Among the four states that have experienced extremely heavy rainfall this month, the status of water stored in their reservoirs is vastly different. Nationwide, the 103 reservoirs monitored by the Central Water Commission (CWC) had stored 76.845 billion cubic metres (BCM) by August 8, or 47 per cent of their live storage capacity. This was below last year’s storage at this stage (97 per cent) as well as the 10-year average (97 per cent).
In Gujarat and Maharashtra, storage in the 35 reservoirs has surpassed the 10-year average (considered normal), following incessant rainfall over the Western region since the start of August, according to the latest live storage report issued by the CWC, with figures updated until August 8. On the other hand, although coastal Karnataka and north Kerala too have had heavy rainfall over the last fortnight, the water stock in reservoirs in both two Southern states is still below normal for this time of the year.
Southern Gujarat, and western and southern Maharashtra have had heavy rainfall, which has led to floods in Kolhapur, Sangli, Satara districts of southern Maharashtra. The Western region has 35 reservoirs, in Maharashtra and Gujarat. The current live storage in the 35 reservoirs is 17.40 billion cubic metres (BCM), which is 54 per cent of their live storage capacity of 32.31 BCM. Last year, the live storage during this period was 35 per cent, the CWC report said. The 54 per cent also surpasses the 10-year average storage of 46 per cent.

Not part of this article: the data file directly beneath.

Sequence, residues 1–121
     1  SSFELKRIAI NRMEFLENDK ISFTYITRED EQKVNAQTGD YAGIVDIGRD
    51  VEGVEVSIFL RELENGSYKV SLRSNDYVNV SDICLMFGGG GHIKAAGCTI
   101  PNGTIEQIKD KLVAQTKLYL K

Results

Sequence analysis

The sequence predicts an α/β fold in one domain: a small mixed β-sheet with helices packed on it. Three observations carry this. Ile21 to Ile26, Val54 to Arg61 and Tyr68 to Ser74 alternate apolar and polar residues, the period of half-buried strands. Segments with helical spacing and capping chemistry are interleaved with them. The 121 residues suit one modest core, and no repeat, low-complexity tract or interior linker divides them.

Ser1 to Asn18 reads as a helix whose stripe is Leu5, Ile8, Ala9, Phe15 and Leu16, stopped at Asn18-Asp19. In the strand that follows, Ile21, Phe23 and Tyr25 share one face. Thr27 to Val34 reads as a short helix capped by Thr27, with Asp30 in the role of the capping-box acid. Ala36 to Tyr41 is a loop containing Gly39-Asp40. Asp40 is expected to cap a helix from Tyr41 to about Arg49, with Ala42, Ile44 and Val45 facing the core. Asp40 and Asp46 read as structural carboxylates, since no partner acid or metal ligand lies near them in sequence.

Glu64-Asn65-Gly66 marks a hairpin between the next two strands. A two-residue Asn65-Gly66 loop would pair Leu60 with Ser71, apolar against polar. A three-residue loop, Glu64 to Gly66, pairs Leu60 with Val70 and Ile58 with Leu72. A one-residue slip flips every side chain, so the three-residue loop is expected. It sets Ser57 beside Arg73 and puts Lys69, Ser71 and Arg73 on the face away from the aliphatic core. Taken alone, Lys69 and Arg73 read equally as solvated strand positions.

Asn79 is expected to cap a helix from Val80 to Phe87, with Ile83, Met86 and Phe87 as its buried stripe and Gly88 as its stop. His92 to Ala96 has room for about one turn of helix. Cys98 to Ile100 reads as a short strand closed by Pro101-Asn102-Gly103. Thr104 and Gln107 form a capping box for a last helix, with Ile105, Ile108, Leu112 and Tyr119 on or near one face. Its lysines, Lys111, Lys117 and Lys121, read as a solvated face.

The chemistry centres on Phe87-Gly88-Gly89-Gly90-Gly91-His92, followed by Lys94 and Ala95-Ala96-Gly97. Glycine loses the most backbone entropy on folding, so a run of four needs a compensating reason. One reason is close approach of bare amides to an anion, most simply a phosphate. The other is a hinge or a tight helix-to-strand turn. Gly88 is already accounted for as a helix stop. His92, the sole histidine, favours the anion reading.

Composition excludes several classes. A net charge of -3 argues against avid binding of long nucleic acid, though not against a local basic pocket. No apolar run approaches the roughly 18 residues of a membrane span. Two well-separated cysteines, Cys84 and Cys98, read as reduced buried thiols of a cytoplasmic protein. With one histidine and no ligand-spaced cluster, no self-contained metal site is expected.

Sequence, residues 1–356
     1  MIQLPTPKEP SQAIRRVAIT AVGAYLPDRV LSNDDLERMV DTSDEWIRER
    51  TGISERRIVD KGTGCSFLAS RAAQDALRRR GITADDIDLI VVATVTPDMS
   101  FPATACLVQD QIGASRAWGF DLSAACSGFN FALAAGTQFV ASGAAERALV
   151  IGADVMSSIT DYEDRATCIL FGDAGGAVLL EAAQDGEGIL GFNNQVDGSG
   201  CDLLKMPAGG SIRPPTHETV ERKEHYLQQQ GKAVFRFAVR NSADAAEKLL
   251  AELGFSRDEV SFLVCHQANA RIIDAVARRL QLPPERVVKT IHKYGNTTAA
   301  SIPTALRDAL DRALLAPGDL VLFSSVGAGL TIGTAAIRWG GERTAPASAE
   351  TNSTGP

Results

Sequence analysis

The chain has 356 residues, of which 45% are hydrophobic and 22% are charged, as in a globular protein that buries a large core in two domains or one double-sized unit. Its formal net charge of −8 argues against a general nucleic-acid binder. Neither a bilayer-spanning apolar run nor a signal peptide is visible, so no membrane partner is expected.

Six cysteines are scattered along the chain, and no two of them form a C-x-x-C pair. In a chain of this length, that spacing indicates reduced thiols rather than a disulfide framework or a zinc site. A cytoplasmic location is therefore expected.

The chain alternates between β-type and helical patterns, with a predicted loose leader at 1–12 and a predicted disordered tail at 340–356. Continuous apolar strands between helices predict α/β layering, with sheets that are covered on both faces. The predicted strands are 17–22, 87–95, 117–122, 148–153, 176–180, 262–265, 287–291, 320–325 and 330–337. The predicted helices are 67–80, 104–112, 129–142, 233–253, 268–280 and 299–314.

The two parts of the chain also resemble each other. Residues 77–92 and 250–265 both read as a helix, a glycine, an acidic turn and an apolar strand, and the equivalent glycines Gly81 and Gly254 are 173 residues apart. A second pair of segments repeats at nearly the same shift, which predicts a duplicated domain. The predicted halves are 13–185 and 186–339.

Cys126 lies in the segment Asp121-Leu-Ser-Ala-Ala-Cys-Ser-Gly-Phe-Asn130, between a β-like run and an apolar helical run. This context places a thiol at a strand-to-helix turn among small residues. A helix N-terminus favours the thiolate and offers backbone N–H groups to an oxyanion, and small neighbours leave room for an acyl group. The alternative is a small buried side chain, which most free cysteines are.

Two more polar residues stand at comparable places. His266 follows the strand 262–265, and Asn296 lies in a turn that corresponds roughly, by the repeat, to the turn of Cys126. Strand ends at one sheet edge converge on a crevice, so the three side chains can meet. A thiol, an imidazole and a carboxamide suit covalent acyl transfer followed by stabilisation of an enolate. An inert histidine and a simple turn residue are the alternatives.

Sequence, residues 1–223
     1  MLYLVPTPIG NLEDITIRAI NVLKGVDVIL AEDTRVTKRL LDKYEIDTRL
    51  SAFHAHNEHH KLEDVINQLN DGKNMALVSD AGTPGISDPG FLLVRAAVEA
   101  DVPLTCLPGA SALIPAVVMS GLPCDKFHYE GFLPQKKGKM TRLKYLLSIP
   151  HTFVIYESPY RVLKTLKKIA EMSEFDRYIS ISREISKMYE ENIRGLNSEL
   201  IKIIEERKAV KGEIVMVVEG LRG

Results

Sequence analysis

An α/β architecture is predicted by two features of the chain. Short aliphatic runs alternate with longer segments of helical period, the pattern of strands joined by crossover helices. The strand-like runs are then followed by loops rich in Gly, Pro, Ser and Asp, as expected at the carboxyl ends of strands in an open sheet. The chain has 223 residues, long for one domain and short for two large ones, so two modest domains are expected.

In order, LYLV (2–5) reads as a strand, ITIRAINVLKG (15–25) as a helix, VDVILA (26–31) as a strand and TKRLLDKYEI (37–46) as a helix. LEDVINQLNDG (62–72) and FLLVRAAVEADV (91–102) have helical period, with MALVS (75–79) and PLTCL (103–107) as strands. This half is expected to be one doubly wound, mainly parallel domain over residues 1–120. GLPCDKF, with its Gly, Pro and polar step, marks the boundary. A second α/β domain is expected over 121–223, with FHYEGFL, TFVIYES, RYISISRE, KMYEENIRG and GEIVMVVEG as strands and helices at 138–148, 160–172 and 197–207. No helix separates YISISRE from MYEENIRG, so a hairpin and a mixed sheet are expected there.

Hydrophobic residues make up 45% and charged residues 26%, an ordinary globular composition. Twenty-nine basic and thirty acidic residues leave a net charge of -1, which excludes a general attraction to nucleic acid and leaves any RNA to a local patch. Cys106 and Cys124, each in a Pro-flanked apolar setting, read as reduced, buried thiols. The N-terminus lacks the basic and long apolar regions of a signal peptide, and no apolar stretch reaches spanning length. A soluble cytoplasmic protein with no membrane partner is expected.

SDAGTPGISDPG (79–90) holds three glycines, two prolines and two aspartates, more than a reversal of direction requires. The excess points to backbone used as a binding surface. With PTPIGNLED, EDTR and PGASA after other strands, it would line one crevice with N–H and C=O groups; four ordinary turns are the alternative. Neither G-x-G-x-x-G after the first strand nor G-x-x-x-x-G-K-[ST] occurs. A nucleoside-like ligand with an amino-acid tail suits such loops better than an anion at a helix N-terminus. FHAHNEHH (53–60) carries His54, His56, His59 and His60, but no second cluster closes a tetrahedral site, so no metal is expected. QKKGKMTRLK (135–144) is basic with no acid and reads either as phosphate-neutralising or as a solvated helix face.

In the Southern region are 32 reservoirs under CWC monitoring, with a total live storage capacity of 52.10 BCM. As of August 8, the total live storage available in these reservoirs is 21.83 BCM, which is 42% of total live storage capacity. This is below the storage during the corresponding period of last year (62 per cent) as well as the 10-year average for the corresponding period (50 per cent).
Of the two Southern states that have witnessed very heavy rainfall, the storage in the 14 reservoirs of Karnataka is 6 per cent below normal. In the six reservoirs of Kerala, storage is as much as 49 per cent below normal for this time of the year. Of the 32 reservoirs in the entire Southern region, as many as 19 have reserves that are below 40 per cent of full level. The lowest deficit is in Telangana, where the two reservoirs (not counting combined projects with Andhra Pradesh) are 62 per cent below normal. Tamil Nadu’s six reservoirs are 55 per cent below normal.
As in the Western region, Northern India’s six reservoirs, at 69 per cent of their total live storage capacity (12.4 BCM of 18.01 BCM), too, have exceeded the corresponding storage at this time last year (39 per cent) as well as the 10-year average for this stage of the monsoon (56 per cent).
In Central India, the 14 reservoirs are at 19.13 BCM, or 44 per cent of total live capacity (43.11 BCM), which is better than last year’s corresponding status (42 per cent) but lower than the 10-year average for this period (49 per cent). With less than two months of the monsoon season remaining, Uttar Pradesh’s reservoirs are at 54 per cent below normal.
In the Eastern region, the 16 reservoirs are at 6.09 BCM, or 32 per cent of total live capacity (18.83 BCM), which is lower than last year’s corresponding status (47 per cent) as well as the 10-year average for this period (39 per cent).